The soil retains moisture well and therefore requires less watering. Soil is slower to warm up compared to other methods.

Other than growing tomatoes directly in the soil for the first year of a greenhouse, we do not recommend this method. Pest and disease accumulations in the soil will quickly become unmanageable.



Ring culure of tomatoes in a greenhouse This is not complicated and many greenhouse gardeners use this method, or a variant of it, without realising. Large plastic pots have their base cut out, and they are then placed directly on the soil, grit or gravel. Click the picture on the left to see an an enlarged version.

When the tomato plants are ready to be transplanted and all danger of frost is passed, the bottomless pots are filled with compost and the tomato plants are transplanted into them.

The theory behind ring culture of tomato plants in greenhouses is based on an understanding of their root system. Tomato plants have two types of roots: the roots near the surface search out primarily food and nutrients; the lower tap root searches out water. Click here for more information on tomato plant roots.

The standard method of greenhouse using bottomless pots (ring culture), tomatoes or other vegetables, is as follows:

1. Dig out the top 15cm / 6in of soil from the bed.

2. Replace the removed soil with 15cm / 6in of grit, gravel or similar material.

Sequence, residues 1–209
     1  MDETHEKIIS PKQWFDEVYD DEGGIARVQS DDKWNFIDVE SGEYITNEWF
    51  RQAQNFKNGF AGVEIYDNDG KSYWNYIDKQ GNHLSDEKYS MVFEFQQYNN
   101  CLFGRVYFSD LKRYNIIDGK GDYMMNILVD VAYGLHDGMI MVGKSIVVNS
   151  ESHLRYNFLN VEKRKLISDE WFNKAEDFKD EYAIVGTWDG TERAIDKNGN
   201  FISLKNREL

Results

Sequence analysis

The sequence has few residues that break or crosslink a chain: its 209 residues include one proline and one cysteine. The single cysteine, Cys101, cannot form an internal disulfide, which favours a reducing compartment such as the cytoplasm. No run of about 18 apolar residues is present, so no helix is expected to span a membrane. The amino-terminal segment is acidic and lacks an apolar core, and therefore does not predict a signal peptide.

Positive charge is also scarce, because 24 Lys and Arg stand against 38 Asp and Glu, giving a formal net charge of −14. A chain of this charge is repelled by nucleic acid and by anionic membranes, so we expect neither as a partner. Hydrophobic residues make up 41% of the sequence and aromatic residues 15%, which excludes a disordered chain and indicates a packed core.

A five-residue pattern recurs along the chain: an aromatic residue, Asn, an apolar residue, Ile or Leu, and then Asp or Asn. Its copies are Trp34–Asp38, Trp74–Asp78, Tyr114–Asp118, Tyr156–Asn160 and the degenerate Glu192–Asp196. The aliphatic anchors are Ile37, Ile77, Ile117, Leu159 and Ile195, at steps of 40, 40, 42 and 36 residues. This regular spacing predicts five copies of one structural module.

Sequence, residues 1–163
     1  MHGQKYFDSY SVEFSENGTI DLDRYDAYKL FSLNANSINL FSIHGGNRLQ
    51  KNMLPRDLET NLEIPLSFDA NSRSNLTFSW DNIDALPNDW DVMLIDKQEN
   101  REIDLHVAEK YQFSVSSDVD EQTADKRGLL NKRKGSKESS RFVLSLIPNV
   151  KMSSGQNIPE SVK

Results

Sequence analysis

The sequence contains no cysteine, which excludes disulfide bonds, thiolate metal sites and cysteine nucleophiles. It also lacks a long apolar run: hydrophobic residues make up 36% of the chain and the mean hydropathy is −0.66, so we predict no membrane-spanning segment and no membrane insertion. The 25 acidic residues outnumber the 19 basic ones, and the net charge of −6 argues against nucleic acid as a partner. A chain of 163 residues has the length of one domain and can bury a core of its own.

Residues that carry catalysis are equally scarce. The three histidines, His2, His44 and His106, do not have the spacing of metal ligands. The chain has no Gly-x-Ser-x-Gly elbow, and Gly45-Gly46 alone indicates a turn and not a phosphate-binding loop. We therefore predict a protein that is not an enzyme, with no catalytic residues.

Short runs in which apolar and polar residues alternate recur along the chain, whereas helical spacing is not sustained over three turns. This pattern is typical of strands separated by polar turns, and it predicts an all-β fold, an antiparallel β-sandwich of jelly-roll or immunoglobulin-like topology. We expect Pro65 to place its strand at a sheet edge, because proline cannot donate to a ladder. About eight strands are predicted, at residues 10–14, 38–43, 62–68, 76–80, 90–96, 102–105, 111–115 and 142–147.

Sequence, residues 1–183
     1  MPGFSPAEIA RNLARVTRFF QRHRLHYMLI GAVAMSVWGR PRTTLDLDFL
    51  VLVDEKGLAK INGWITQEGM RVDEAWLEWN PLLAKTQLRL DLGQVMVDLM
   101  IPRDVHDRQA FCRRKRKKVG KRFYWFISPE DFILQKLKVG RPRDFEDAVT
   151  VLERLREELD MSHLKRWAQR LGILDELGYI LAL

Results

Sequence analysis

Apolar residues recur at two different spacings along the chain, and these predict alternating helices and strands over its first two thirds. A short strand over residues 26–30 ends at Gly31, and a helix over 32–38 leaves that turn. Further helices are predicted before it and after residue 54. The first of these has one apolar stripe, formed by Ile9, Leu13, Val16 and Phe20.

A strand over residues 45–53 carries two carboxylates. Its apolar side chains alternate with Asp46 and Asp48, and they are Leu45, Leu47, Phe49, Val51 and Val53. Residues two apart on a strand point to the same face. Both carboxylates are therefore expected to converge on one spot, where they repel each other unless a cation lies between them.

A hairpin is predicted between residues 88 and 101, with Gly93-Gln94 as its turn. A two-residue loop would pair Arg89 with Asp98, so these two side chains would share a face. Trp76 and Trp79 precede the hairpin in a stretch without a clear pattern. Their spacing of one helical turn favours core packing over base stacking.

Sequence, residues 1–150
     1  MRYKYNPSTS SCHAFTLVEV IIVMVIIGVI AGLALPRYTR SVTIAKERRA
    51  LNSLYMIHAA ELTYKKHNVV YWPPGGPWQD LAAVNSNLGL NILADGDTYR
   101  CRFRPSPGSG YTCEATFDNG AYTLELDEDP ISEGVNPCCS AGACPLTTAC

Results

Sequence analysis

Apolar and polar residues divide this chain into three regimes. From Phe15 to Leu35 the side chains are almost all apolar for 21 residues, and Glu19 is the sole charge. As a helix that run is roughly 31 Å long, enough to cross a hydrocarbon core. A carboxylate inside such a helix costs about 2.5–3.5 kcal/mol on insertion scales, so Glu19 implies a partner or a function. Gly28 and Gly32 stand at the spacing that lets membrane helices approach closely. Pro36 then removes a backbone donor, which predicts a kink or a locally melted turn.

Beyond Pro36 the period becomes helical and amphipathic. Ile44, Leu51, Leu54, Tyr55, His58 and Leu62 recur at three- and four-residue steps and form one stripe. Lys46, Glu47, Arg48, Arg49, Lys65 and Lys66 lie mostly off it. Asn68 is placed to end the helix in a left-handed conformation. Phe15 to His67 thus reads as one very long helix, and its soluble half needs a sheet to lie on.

3. Place the bottomless pots on the gravel

4 Water the bottomless pots with liquid tomato feed twice a week

5. Water the grit (without liquid feed) at least every other day, more often in warm conditions.

6. At the end of the season, wash the grit well in running water and then store it dry for use next year.

The standard method above uses a 15cm / 6in layer of grit between the bottomless pot and the ground below the grit. The taproots will grow through the grit to reach the moisture in the soil below. Many gardeners have been using the above ring culture but without the layer of grit. The bottomless pot is simply placed directly on the soil. I know several greenhouse gardeners who have been doing this for many years with great results. It saves buying the grit, washing it each year and then storing it for next year. The choice is yours.

The advantages and disadvantages to bottomless pots (ring culture) are summarised in the table below:


Much cheaper than growing directly in the soil. Frequent watering is required.

Over-watering is unlikely to be a problem. Getting the correct level of nutrients can be tricky.

Compost warms up early in the year.  

Pest and disease problems will be avoided compared to growing directly in the soil.  



The above three methods cover the most common methods of growing tomatoes but there are others. Hydroponics, grafted and disease resistant plants, straw bale culture
are nut a few. However, the the main ones in the main article above are probably the only ones worth considering for the amateur gardener.